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PANEL DISCUSSION ON DESIGN AND MODERN LIFE AT THE JEWISH MUSEUM ON OCTOBER 22Share

FOR IMMEDIATE RELEASE

Press Contacts: Anne Scher/Alex Wittenberg, 212.423.3271, pressoffice@thejm.org

NEW YORK, NY - The Jewish Museum will present The Rite Stuff: Design and Modern Observance, a panel discussion about the role of design in modern life on Thursday, October 22 at 6:30 pm. The panel includes designer Jonathan Adler, artist Allan Wexler, writer and curator Ellen Lupton, and moderator Julie Lasky, editor of Change Observer, who will consider how rites connected with birth, marriage, death, and seasonal celebrations have changed in light of contemporary attitudes toward community, family, and the environment. Panelists will discuss how people are challenged to be both modern and traditional, and what design’s role is in bringing ritual practices up to date. This program is offered in conjunction with the new exhibition, Reinventing Ritual: Contemporary Art and Design for Jewish Life.

Panel discussion tickets are $15 for the general public; $12 for students and seniors; and $10 for Jewish Museum members. For further information regarding programs at The Jewish Museum, the public may call 212.423.3337. Tickets for programs at The Jewish Museum can now be purchased online at the Museum’s Web site, www.thejewishmuseum.org.

Jonathan Adler has been celebrated for the mod shapes, vibrant colors and organic eye-popping patterns that are the signature of his work today. His business encompasses seven retail outlets in New York, Los Angeles, East Hampton, Miami, San Francisco and Chicago; a thriving interior design business; a burgeoning licensing business expanding into bedding, bath accessories, stationary, dinnerware and table linens at accessible prices; and original works sold in high-end boutiques around the world. Jonathan Adler’s designs for the home have appeared on the sets of The Today Show, Sex and the City, Will & Grace, and The Apprentice. He is the lead judge on Bravo’s reality series, Top Design, which follows the work and lives of professional designers.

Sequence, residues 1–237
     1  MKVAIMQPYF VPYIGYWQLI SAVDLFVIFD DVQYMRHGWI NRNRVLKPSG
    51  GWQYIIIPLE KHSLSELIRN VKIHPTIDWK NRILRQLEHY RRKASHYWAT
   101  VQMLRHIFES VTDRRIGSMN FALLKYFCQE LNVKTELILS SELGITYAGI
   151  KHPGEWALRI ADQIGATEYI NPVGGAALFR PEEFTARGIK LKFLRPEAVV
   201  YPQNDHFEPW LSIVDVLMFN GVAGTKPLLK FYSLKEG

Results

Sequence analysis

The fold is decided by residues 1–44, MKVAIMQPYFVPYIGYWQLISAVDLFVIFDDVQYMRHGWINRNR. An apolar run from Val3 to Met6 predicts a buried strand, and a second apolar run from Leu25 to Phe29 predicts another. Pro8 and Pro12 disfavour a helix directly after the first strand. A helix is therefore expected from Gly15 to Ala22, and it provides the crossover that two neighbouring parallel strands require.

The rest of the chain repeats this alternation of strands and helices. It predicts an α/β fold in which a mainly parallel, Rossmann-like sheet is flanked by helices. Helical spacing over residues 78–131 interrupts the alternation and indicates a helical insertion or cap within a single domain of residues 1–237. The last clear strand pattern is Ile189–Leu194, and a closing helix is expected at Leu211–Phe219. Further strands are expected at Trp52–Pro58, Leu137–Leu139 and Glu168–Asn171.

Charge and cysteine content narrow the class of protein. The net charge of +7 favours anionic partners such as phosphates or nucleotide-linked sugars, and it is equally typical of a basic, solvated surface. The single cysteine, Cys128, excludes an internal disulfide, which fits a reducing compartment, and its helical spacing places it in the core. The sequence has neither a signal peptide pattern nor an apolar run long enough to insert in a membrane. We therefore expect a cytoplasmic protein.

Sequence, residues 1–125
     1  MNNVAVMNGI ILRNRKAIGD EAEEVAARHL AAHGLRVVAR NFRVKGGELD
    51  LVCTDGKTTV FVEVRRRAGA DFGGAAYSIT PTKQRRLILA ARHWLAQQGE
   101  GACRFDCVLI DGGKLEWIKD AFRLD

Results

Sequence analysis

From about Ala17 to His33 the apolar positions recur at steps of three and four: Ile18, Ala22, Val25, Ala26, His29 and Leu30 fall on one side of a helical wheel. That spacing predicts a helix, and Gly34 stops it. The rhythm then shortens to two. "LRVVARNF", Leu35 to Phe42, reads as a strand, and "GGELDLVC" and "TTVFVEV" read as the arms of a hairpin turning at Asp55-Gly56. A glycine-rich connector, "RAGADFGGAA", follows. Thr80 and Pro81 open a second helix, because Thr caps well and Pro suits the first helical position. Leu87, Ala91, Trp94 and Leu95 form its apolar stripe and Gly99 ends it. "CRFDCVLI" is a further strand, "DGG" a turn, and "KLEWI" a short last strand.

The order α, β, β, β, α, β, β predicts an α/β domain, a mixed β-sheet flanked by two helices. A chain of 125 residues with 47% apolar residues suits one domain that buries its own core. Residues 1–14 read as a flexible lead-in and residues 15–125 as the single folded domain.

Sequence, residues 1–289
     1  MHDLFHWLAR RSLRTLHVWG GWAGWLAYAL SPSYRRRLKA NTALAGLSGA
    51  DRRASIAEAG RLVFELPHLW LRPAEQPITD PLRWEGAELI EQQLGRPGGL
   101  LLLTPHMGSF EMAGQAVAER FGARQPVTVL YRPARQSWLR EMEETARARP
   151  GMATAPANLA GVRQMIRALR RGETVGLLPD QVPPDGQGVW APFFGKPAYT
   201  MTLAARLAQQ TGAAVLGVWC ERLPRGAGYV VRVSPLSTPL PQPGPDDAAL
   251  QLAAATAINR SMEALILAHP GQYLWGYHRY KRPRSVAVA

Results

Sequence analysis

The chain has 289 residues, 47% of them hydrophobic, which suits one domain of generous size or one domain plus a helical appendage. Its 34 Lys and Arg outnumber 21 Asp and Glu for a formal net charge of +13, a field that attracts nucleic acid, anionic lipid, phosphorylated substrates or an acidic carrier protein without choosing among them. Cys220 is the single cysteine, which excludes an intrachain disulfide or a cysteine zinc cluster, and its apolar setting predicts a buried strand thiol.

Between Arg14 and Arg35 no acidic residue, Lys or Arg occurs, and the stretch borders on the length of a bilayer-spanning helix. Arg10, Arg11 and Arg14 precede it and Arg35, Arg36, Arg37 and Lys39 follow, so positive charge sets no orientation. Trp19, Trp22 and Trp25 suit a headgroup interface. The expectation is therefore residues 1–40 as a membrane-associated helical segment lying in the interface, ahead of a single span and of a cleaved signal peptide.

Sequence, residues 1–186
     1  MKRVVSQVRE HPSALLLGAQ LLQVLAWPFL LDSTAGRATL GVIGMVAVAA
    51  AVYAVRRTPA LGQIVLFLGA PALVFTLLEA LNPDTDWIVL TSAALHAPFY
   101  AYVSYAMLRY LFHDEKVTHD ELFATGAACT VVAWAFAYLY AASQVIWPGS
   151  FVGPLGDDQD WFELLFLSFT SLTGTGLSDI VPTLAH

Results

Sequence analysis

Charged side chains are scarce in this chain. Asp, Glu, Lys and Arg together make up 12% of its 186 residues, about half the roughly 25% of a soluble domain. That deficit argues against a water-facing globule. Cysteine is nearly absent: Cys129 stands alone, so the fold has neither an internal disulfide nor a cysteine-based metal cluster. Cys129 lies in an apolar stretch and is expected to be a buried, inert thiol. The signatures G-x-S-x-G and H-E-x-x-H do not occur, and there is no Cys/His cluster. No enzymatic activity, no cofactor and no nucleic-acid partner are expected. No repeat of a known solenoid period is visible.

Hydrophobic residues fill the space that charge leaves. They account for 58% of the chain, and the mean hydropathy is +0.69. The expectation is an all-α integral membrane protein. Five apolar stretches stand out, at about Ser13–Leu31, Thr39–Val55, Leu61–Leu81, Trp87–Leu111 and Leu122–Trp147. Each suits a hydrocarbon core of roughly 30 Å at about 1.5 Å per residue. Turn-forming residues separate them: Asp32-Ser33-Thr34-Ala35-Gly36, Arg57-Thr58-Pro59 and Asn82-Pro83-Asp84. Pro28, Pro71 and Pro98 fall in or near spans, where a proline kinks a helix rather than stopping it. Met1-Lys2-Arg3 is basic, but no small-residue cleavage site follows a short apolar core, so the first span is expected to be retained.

Allan Wexler has worked in the fields of architecture, design and fine arts for twenty-five years. He is represented by the Ronald Feldman Gallery in New York and teaches at Parsons The New School of Design. His designs have resulted in objects, buildings and environments that blur the borderlines between architecture and sculpture. Wexler’s work has appeared in numerous national and international solo shows. He received his undergraduate degree in architecture and art from the Rhode Island School of Design and a Master of Architecture degree from Pratt Institute, and was awarded the 2004/2005 Rome Prize Fellowship in Design.

Ellen Lupton is director of the Graphic Design MFA program at Maryland Institute College of Art (MICA) in Baltimore, where she also serves as director of the Center for Design Thinking. As curator of contemporary design at Cooper-Hewitt, National Design Museum since 1992, she has produced numerous exhibitions and books, including Mechanical Brides: Women and Machines from Home to Office (1993), Mixing Messages: Graphic Design and Contemporary Culture (1996), Letters from the Avant-Garde (1996), and Skin: Surface, Substance + Design (2002). Her books include Thinking with Type (2004), D.I.Y.: Design It Yourself (2006), D.I.Y. Kids (2007, co-authored with Julia Lupton), and Design Your Life: The Pleasures and Perils of Everyday Things (2009, co-authored with Julia Lupton). Lupton is a 2007 recipient of the AIGA Gold Medal, one of the highest honors given to a graphic designer or design educator in the U.S.